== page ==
In her New York Times bestseller, Battle Hymn of The Tiger Mother, Yale Law professor and author Amy Chua mentions seen characteristics that somewhat differentiate the Chinese ‘Tiger mother’ from the typical Western mother. According to Chua, the Chinese mother believes that 1) Schoolwork always comes first; 2) an A-minus is a bad grade; 3) your children must be two years ahead of their classmate in math; 4) you must never compliment your children in public; 5) if your child ever disagrees with a teacher or coach; 6) the only activities your children should be permitted to do are those in which they can eventually win a medal; and 7) that medal must be gold.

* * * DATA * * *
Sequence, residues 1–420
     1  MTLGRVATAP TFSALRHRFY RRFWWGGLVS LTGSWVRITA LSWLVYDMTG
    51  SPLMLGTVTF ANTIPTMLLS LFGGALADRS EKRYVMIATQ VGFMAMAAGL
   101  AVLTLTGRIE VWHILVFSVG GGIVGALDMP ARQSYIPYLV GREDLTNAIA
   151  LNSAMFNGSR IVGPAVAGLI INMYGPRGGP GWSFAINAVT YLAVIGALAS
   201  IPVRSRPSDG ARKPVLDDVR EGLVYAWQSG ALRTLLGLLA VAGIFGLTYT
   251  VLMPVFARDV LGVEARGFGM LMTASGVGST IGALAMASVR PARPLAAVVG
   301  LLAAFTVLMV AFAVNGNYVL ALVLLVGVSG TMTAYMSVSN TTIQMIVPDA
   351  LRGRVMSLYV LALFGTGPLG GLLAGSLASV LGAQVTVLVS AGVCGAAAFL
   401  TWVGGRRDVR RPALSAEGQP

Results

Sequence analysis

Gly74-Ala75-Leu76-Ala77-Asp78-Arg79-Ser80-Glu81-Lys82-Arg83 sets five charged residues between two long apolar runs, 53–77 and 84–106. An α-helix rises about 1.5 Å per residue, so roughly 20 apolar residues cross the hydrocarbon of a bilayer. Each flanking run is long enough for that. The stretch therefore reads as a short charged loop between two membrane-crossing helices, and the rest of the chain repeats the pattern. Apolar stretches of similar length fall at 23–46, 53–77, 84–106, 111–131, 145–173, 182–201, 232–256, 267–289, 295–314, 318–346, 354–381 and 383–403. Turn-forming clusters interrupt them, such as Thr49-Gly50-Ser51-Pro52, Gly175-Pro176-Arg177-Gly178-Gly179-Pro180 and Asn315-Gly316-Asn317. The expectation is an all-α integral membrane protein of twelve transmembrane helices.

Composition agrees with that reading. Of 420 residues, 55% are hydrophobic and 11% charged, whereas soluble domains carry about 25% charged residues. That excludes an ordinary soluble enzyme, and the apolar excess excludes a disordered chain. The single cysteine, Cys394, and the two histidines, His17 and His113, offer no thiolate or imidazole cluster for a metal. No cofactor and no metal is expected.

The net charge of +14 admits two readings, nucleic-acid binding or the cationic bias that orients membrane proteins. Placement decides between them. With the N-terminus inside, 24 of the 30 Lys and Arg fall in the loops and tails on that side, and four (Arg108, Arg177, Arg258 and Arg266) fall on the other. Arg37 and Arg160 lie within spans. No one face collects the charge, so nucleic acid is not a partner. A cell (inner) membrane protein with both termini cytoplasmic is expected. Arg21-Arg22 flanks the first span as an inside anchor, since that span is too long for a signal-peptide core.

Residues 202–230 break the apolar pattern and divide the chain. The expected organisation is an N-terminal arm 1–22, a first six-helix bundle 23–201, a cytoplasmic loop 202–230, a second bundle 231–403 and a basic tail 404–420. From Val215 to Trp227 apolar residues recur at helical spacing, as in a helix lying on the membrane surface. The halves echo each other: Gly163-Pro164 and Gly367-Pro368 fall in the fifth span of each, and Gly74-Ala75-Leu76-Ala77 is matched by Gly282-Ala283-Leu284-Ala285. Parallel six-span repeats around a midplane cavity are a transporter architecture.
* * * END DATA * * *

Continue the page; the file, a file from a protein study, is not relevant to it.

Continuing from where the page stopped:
It is safe to say that these traits are popular among immigrant and first generation parents across the world [and particularly in the West], who embrace certain ideals about how their children are to be raised in order to succeed in the world. But does being a tiger mother mean that you’re too strict with your kids?
The video above is part of a series that features documentaries centered around the voices of individuals in the Asian American and Pacific Islander communities. According to those interviewed, the first thing that comes to mind when they hear ‘tiger mom’, is “tough”; “overbearing”; “fierce”; “no-nonsense”; “strict”; “strict as hell”; “my mom”.
What comes to mind when you hear ‘tiger mom’?
The Voix is a creative platform that empowers the voices of global storytellers. For more information, visit: Thevoix.com.